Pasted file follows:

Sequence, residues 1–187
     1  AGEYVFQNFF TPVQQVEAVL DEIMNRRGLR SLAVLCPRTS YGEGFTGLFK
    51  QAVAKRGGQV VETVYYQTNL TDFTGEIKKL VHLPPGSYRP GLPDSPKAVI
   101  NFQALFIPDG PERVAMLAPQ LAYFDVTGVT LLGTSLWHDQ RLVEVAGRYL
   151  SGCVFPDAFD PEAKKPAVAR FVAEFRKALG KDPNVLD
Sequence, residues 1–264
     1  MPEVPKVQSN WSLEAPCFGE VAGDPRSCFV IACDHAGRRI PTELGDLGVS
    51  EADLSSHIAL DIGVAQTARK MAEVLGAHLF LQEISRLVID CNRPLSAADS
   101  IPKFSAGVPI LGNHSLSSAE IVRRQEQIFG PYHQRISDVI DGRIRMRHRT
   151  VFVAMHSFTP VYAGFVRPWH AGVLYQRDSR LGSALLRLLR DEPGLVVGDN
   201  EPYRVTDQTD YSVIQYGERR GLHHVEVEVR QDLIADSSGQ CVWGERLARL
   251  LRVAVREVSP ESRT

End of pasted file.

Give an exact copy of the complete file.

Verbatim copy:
Sequence, residues 1–187
     1  AGEYVFQNFF TPVQQVEAVL DEIMNRRGLR SLAVLCPRTS YGEGFTGLFK
    51  QAVAKRGGQV VETVYYQTNL TDFTGEIKKL VHLPPGSYRP GLPDSPKAVI
   101  NFQALFIPDG PERVAMLAPQ LAYFDVTGVT LLGTSLWHDQ RLVEVAGRYL
   151  SGCVFPDAFD PEAKKPAVAR FVAEFRKALG KDPNVLD
Sequence, residues 1–264
     1  MPEVPKVQSN WSLEAPCFGE VAGDPRSCFV IACDHAGRRI PTELGDLGVS
    51  EADLSSHIAL DIGVAQTARK MAEVLGAHLF LQEISRLVID CNRPLSAADS
   101  IPKFSAGVPI LGNHSLSSAE IVRRQEQIFG PYHQRISDVI DGRIRMRHRT
   151  VFVAMHSFTP VYAGFVRPWH AGVLYQRDSR LGSALLRLLR DEPGLVVGDN
   201  EPYRVTDQTD YSVIQYGERR GLHHVEVEVR QDLIADSSGQ CVWGERLARL
   251  LRVAVREVSP ESRT